Four area experts, so many tips
We asked people who know way more about holiday decorating than we do.
It’s December already. Is it too late to decorate?
Carrie Fairchild and Shary Muerer [5th Grant Boutique Decorators]:Absolutely not. It’s never too late. We’ve witnessed family traditions where decorating starts on Christmas Eve, leaving them up well into January. The most important part is, no matter when it happens, that Christmas is celebrated. It’s the most joyous time of the year, and for people to share in that, whenever they choose, is what’s important.
Joan Blakley-McCoy [Tangerine]:Absolutely not! Even the smallest of decor will get you in the spirit no matter how busy you are. Put lights on a potted plant and a big bow on the pot. Fill a bowl with your Christmas ball ornaments and set it on the table or kitchen counter. Use glass vases on a staircase and light a candle inside! Ribbon goes a long way, and it’s inexpensive. Add bows to wreaths, trees, garlands, chandeliers, light fixtures, mailboxes. Use timer lights that flicker so when you arrive home you can enjoy the warmth they bring.
Susan Kelly [Susan Kelly interiors]:Early decorating is an American "custom." At our house, growing up, dad’s "rule" ruled. The tree did not go up until Dec. 24, a tradition handed down from German forebearers, leaving our mother annually distraught. (She eventually won the battle with tradition.)
We always seem to decorate one room like crazy and forget the others. Any tips for specific rooms?
Carrie Fairchild and Shary Muerer [5th Grant Boutique Decorators]:Why not spread the cozy holiday decor throughout the whole house? In the bathroom, you can make it simple by hanging large bells and red-beaded garland on the hooks of the shower curtain. On the counter, place a holiday wreath with LED-lit candles and pine-scented soap for that special holiday glow and smell. In the bedrooms, place LED-lit candles in a Mason jar with red berries and a sprig of pine on the nightstands and drape the headboard with garland. In the kids’ bedroom, it’s fun to use simple festive pops of color like colorful pom-pom garland and tiny trees with white paper houses to make a small winter village on the dresser. Placing tea lights will add a little holiday glow.
Susan Kelly [Susan Kelly interiors]:After four hours of weaving lights onto a nine-foot Frazier fir, I have no will to decorate all the other rooms. So, in with a cheerful poinsettia and out comes my inventory of colorful, clever Christmas pillows!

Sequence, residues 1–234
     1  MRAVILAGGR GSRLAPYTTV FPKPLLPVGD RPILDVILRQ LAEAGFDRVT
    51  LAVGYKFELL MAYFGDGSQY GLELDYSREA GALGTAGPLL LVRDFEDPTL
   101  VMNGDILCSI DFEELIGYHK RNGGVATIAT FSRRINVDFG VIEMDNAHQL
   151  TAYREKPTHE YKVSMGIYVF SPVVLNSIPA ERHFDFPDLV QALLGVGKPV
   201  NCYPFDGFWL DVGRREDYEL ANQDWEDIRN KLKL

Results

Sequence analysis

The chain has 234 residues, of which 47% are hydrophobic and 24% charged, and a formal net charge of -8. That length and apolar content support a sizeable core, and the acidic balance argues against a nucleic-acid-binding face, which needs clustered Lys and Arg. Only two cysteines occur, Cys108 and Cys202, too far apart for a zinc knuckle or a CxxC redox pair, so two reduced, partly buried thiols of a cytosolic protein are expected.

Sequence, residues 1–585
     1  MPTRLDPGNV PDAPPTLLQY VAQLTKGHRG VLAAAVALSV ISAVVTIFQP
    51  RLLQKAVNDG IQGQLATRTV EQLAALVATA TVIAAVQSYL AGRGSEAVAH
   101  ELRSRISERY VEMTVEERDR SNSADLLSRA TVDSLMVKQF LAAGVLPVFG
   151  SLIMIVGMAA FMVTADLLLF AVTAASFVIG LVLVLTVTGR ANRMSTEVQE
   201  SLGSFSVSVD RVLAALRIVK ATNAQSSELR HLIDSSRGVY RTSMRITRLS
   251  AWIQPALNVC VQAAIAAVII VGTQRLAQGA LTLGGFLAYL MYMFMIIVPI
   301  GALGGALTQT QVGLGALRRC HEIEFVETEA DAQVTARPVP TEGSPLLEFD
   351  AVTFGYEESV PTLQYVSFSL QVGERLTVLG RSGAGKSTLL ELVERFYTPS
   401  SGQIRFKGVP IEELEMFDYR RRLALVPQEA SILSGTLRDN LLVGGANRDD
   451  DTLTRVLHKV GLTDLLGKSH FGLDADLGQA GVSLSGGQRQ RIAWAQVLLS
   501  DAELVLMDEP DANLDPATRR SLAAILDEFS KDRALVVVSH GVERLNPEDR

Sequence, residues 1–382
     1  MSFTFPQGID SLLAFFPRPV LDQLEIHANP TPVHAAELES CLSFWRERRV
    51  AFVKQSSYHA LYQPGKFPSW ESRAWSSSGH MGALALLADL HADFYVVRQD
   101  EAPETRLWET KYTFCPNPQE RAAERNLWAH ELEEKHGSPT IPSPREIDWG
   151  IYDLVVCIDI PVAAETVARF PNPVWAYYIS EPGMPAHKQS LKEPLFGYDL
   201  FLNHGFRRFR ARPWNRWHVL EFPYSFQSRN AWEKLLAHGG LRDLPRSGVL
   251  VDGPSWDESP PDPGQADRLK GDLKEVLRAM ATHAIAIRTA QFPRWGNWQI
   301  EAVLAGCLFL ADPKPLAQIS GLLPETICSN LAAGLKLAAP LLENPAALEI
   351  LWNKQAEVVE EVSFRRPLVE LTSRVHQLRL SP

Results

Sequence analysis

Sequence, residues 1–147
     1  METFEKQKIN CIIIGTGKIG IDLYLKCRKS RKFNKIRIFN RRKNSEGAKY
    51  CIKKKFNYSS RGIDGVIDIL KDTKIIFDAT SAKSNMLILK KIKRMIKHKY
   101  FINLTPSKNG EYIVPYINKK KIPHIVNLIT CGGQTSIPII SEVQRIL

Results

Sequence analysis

One Christmas tree decoration idea you use or really like?
Joan Blakley-McCoy [Tangerine]:Decide on a color theme before you begin. Coordinate lights, ribbon, ornaments. You can still add your old favorites to the mix. Start with the largest pieces, whether it’s ribbon or ornaments, after you put the lights on. Never plug more than the suggested lights together as they will pop the fuse in the light strand and you will be left with gaps of lights not working.
Carrie Fairchild and Shary Muerer [5th Grant Boutique Decorators (and sisters)]: We like to place the largest ornaments on the tree first and work from there. There are great traditions, such as our mom had an ornament that was a pickle, and each year we would search and search to find that one particular ornament. Our grandma would make us kids our own ornament each year. We cherish those to this day more than any other.
What’s the biggest holiday decorating mistake you see people make?
Carrie Fairchild and Shary Muerer [5th Grant Boutique Decorators]:What we see the majority of is folks don’t seem to measure their home prior to picking out a tree. While it is an easy fix if the tree they buy is too big, it’s not the case if the tree is too small. Our grandfather would be in charge of bringing home a Christmas tree every year, and routinely he would drag home the worst-looking tree in the forest. When grandma would press him about the poor quality of the tree he picked out, his response each year was unwavering. He would simply shrug his shoulders and profess that every Christmas tree was just perfect.
Joan Blakley-McCoy [Tangerine]: Not fluffing your tree branches or wreaths. Who wants to look at a flat matted wreath or at tree branches crunched together?
Susan Kelly [Susan Kelly interiors]:There aren’t any. If you like it, it’s perfect.
What’s one tip that you wish everyone took to heart when it comes to holiday decorating?
Carrie Fairchild and Shary Muerer [5th Grant Boutique Decorators]:Try as hard as you can to make your decorating cohesive. There’s a fine line between over-decorating and not, but hey, it’s Christmas. Make it fun and enjoyable. Share lots of hugs. Participate in all your family traditions that have probably been passed down for generations, and, most importantly, spare no holiday cheer!
Susan Kelly [Susan Kelly interiors]:If it’s a chore or doesn’t bring you joy, don’t do it. Just think—Jesus didn’t have any twinkle lights. One star was enough.